Check both of those options for the Emily Morgan Hotel, which was formerly a huge hospital. The structure itself appears unsettling. It’s a looming neo-Gothic building that appears foreboding even on the brightest of days. Guests have reported seeing shadows move about the hotel and feeling touched while sleeping. Strange sounds are commonly observed as well.

If you want to take your experience to the next level, look for a room on the 12th or 14th levels, where the majority of procedures were performed. The 14th floor also included a cremation for deceased patients with no known relatives. Rest well!

Hawthorne Hotel, Salem, Massachusetts

Salem, Massachusetts is connected with witches and the equally terrifying pursuit for anyone suspected of witchcraft. Don’t get your hopes up about broomsticks and sizzling cauldrons. The Hawthorne has enough plausible stories to make you reconsider spending the night there.

Several visitors have complained about flickering lights and faucets that switch on and off at random. One staff member was entrusted with tidying a room named “the lower deck” at night, only to return to find that all of the furnishings had been replaced. After that, the employee refused to perform night shifts.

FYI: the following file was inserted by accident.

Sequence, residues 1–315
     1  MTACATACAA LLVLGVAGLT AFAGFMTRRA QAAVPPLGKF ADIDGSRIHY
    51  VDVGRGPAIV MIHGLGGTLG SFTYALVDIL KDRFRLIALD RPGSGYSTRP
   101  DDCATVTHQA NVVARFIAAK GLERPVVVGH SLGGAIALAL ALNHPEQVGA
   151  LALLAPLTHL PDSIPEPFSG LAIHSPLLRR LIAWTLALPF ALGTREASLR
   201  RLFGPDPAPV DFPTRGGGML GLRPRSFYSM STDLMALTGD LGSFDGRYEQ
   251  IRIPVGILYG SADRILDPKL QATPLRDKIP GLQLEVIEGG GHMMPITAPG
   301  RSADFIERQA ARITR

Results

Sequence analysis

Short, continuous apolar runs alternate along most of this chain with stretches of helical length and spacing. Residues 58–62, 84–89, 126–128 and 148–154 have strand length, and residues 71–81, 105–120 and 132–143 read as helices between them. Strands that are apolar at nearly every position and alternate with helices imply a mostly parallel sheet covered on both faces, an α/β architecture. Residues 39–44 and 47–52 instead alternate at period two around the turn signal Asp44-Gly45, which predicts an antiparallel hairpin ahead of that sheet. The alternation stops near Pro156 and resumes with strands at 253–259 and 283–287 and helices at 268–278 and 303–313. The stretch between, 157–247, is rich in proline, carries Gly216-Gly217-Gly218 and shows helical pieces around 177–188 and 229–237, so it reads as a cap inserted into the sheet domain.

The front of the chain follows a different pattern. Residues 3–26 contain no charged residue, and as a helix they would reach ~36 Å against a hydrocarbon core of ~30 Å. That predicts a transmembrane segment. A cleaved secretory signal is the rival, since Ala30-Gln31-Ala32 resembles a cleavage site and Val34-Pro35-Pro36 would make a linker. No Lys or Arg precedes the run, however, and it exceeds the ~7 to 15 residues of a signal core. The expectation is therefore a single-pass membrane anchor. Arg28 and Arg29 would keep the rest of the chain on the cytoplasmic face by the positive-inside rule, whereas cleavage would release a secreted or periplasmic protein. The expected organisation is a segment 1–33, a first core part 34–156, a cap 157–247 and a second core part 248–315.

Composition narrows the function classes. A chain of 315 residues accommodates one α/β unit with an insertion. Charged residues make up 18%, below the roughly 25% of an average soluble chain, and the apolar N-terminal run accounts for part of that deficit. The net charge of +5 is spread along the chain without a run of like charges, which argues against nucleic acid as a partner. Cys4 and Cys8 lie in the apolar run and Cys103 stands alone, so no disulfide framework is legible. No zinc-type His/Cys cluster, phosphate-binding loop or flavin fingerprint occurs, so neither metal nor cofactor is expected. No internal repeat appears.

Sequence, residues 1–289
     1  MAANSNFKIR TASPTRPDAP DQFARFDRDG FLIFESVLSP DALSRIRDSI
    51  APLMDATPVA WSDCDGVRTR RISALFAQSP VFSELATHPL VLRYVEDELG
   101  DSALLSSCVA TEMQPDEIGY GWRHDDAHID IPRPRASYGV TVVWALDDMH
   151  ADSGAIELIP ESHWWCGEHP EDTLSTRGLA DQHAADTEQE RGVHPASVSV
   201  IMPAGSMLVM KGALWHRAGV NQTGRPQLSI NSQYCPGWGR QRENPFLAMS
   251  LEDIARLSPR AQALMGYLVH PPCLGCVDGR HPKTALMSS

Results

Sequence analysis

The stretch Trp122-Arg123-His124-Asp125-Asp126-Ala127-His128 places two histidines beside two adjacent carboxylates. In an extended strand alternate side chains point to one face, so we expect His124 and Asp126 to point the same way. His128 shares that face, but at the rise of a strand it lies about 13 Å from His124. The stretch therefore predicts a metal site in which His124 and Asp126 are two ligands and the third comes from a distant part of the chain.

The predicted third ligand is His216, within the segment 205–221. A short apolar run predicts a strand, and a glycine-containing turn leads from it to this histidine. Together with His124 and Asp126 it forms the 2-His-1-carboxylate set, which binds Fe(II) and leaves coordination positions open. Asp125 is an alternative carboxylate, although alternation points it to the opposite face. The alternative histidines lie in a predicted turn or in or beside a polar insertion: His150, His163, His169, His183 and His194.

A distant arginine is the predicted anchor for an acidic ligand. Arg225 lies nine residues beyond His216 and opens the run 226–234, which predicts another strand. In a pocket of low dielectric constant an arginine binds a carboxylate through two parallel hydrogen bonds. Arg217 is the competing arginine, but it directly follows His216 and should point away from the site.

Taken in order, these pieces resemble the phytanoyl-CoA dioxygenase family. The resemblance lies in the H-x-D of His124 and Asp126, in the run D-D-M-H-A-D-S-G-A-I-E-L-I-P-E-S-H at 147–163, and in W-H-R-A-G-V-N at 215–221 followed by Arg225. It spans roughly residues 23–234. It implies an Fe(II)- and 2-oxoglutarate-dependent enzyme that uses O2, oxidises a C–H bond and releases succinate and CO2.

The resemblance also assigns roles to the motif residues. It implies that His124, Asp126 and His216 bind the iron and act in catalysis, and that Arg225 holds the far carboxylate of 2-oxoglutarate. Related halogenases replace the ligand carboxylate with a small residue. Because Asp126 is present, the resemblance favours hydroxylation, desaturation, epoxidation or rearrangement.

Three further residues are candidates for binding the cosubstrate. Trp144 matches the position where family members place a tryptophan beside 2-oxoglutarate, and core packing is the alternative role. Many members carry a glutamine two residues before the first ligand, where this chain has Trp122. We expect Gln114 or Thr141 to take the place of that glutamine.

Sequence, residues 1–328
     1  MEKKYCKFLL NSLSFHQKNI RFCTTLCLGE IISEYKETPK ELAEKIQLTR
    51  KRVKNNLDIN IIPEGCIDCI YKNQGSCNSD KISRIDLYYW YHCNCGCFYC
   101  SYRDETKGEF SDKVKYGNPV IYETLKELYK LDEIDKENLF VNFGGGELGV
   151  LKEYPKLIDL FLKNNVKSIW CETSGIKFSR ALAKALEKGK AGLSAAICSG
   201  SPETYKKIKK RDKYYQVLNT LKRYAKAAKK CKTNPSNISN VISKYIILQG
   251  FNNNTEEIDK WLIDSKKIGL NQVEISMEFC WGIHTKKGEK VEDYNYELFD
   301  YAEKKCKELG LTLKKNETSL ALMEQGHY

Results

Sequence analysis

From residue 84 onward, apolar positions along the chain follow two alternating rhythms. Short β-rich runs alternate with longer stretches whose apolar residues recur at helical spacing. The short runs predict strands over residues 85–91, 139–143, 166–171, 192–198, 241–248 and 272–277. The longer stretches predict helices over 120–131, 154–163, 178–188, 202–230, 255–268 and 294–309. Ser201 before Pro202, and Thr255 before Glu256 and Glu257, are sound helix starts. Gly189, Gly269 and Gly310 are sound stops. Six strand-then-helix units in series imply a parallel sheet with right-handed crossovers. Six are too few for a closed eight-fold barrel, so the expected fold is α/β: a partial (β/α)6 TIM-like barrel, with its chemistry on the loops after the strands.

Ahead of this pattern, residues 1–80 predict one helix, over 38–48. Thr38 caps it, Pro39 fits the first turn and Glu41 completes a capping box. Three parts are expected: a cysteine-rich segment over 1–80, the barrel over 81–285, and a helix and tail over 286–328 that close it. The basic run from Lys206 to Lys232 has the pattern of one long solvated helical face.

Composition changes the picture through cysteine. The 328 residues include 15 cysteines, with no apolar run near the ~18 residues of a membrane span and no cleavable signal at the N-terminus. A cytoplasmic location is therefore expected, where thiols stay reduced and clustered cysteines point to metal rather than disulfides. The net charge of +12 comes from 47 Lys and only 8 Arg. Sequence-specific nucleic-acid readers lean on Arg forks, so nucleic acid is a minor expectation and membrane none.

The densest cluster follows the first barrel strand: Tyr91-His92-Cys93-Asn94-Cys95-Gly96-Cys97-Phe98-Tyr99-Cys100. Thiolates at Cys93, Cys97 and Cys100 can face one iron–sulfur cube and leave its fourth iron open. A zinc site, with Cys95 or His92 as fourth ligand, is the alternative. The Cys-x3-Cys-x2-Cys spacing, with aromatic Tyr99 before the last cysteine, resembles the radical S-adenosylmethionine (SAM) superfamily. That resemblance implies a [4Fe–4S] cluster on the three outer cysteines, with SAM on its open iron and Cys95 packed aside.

If you think that’s just a typical ghost story, consider this: the property on which the hotels stand was previously held by Bridget Bishop, the first person to be hung on suspicion of witchcraft. The spirits benefit from history.

Gettysburg Hotel, Gettysburg, Pennsylvania

The community has plenty of legends of paranormal activity. One of the most prevalent accounts of locals and visitors hearing cries in the woods, allegedly from the spirits of wounded warriors bleeding out, is one of the most haunting. In terms of unusually high frequency of reports, there is a farm in town that was utilized as a Confederate field hospital. According to locals, the ghosts of the troops who died on the farm still roam the grounds. Another popular destination is the Gettysburg Hotel. Guests have reported seeing a lady dancing in the hotel’s ballroom at night, as well as the ghost of Union soldier James Culbertson of the Pennsylvania Reserves prowling the premises.